Background: In recent years, evidence has been accumulating linking subjective tinnitus to the somatosensory system. Somatic tinnitus is deﬁned as tinnitus in which forceful contractions of jaw and neck muscles modulate the psychoacoustic attributes of tinnitus, such as pitch and loudness. Being a somatosensory-based treatment modality, needling might well be more effective for treating somatic than nonsomatic tinnitus. Objective: The aim of this study was to compare the outcomes of electroacupuncture (EA) treatment between patients with somatic and nonsomatic tinnitus.
Materials and Methods: A single-blinded prospective study was carried wherein 27 patients with tinnitus were divided into either a somatic or a nonsomatic group, based on whether their tinnitus could be modulated by at least one of a series of forceful jaw and neck muscular contraction maneuvers. Tinnitus responses were evaluated after a single session of EA on selected acupoints for 30 minutes.
Results: Seventeen of the 27 patients (63.0%) studied were found to have somatic tinnitus. Generalized estimating equation model analysis did not ﬁnd any overall statistically signiﬁcant difference in EA response between patients with somatic and nonsomatic tinnitus. However, patients with somatic tinnitus who were consistent in their responses to the muscular contraction maneuvers were more likely to improve with EA than variable responders to these maneuvers (62.5% versus 22.0%).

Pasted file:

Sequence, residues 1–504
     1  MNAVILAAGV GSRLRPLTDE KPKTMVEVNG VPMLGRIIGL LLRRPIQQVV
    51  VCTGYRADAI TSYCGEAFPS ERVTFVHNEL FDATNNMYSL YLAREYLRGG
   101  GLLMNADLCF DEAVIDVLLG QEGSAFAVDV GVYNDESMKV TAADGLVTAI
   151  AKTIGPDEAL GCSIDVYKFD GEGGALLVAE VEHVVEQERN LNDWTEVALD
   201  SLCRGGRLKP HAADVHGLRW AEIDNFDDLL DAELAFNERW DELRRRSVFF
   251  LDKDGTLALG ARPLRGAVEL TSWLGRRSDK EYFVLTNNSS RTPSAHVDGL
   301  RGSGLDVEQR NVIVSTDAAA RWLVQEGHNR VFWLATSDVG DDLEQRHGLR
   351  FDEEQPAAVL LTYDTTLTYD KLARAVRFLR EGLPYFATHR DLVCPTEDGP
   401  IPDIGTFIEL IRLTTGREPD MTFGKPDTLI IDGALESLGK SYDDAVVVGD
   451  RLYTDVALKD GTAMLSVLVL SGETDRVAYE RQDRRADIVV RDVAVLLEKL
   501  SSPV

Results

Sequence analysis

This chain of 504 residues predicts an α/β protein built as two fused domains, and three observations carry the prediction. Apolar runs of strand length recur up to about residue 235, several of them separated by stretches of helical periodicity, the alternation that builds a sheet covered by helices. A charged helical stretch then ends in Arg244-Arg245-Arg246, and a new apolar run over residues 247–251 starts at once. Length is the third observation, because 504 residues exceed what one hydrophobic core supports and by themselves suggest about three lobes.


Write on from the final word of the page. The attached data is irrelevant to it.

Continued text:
Conclusions: EA did not provide increased beneﬁts for patients with somatic tinnitus, compared to those with nonsomatic tinnitus overall. However, within the somatic tinnitus group, a subpopulation of patients appeared to be relatively more responsive to EA treatment.